DeepMind’s data deal with the NHS broke privacy law

The pair's initial agreement "failed to comply" with the UK's Data Protection Act.

An NHS Trust broke the law by sharing sensitive patient records with Google's DeepMind division, the UK's data watchdog has ruled. The long-awaited decision falls in line with the conclusion drawn by Dame Fiona Caldicott, the UK's National Data Guardian in May. The pair's agreement "failed to comply" with the Data Protection Act 1998, according to the Information Commissioner's Office (ICO), because patients weren't informed that their information was being used. The ICO also took issue with the size of the dataset — 1.6 million partial patient records — leveraged by DeepMind to test Streams, an app for detecting acute kidney injury.

In April 2016, New Scientist revealed that DeepMind and Royal Free London NHS Trust were working together on a medical project. As the ICO notes in its letter to the Trust, their agreement was actually formalised in September 2015, with Royal Free serving as the data controller (owner) and DeepMind as the data processor (partner).

Initially, the deal was hashed out so Streams could be further developed by DeepMind and put through clinical safety testing. During this period, the ICO says the Trust — which ultimately takes responsibility, as data controller — broke four principles in the Data Protection Act. The first, which demands processing be "fair, lawful and transparent," was broken because the Trust and DeepMind didn't go far enough in their efforts to contact patients. Common law states, however, that consent can be implied if the data is being used for "direct care." Tests and full-blown medical use are different, however, so the ICO disregarded this defence.

"The Royal Free did not have a valid basis for satisfying the common law duty of confidence and therefore the processing of that data breached that duty," the ICO said in its letter to the Royal Free NHS Trust. "In this light, the processing was not lawful under the Act."

The second broken principle, which is actually the third in the Act, requires data processing to be "adequate, relevant and not excessive." Following its investigation, the ICO concluded that 1.6 million patient records were too many for DeepMind's purposes. The Commissioner considered the Trust's defence, but couldn't see why that volume of information was necessary for the company's trials. "The Commission is not persuaded that it was necessary and proportionate to process 1.6 million partial patient records in order to test the clinical safety of the application. The processing of these records was, in the Commissioner's view, excessive," the ICO said.

The Trust's failure to alert patients broke another principle that states data should be processed "in accordance with the rights of data subjects." Under section 10 of the Data Protection Act, patients should have the opportunity to pull their information from any data processing. The lack of transparency meant there was no way for patients to know, never mind act on this right. "Put plainly, if the patients did not know that their information would be used in this way, they could not take steps to object."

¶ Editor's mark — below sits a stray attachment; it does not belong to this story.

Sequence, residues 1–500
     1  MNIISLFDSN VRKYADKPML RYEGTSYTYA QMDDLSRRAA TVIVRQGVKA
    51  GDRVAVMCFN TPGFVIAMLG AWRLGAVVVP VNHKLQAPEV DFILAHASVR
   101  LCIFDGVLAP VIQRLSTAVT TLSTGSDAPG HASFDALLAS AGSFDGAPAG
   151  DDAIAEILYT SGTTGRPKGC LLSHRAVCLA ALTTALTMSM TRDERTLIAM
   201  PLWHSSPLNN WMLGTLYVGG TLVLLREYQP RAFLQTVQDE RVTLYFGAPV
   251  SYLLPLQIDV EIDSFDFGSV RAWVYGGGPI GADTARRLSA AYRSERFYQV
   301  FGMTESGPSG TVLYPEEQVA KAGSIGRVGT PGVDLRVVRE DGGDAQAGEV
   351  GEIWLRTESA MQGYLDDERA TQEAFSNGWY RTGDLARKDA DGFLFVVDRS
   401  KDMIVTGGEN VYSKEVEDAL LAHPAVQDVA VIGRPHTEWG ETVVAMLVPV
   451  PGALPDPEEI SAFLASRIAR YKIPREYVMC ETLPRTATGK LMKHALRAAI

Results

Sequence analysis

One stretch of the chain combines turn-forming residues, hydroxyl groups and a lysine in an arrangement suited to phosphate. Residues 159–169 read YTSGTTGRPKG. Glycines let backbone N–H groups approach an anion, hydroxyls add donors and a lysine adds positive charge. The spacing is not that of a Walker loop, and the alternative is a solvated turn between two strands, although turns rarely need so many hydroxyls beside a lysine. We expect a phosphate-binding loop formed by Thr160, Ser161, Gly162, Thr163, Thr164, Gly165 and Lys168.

The final principle concerns data protection standards. The ICO notes that additional agreements, including a privacy impact assessment, were drawn up in January and November 2016. By this time, however, DeepMind had already processed patient data. The watchdog is content with how DeepMind handles data, but disagrees with the documentation that was drawn up back in September 2015. It didn't go far enough, the ICO says, and could have resulted in a breach of the Data Protection Act. "The Commissioner does, however, recognise that the Royal Free has since improved the documentation in place between the Trust and DeepMind."

The documentation drawn up last November means that Streams is now on a better legal footing. That's important, given the app has now passed the testing phase and is being used in hospitals. Nevertheless, the ICO has asked the Trust to commit to a series of changes. These include establishing "a proper legal basis" under the act for the current DeepMind agreement, and any future trials, completing a new privacy impact assessment and commissioning an audit of the initial trial period.

The ICO has stressed that it doesn't want to impede innovation. It recognises the work DeepMind has done and the impact Streams has already had on the UK"s National Health Service. Privacy, however, should not be at the cost of progress, Information Commissioner Elizabeth Denham argues. "What stood out to me [after] looking through the investigation is that the shortcomings we found were avoidable," she said in a blog post. "The price of innovation didn't need to be the erosion of legally ensured fundamental privacy rights. I have every confidence the Trust can comply with the changes we've asked for and still continue its valuable work."